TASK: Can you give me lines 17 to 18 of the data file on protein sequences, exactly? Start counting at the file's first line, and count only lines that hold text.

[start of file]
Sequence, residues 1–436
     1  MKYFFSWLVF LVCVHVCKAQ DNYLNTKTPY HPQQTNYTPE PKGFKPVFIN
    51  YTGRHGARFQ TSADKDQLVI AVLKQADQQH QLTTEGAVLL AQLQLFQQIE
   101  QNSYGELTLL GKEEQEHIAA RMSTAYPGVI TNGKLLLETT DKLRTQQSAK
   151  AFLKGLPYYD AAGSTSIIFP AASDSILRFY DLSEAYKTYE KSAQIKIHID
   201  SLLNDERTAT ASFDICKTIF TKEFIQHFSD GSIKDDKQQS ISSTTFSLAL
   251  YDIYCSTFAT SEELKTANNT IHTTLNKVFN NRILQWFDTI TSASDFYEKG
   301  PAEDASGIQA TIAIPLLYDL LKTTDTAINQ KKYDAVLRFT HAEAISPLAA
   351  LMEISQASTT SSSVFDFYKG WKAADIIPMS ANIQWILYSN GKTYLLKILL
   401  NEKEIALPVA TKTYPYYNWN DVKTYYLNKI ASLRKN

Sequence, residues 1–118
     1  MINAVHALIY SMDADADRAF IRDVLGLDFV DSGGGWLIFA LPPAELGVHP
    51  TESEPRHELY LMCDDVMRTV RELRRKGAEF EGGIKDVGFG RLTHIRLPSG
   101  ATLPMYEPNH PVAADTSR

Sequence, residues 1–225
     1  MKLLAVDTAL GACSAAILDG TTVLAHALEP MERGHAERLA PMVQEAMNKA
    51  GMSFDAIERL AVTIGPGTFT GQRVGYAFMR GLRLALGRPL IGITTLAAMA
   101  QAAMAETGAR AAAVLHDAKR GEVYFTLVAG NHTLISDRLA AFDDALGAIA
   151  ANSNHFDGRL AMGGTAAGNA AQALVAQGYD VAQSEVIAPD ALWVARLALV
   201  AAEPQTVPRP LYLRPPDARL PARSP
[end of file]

    51  GMSFDAIERL AVTIGPGTFT GQRVGYAFMR GLRLALGRPL IGITTLAAMA
   101  QAAMAETGAR AAAVLHDAKR GEVYFTLVAG NHTLISDRLA AFDDALGAIA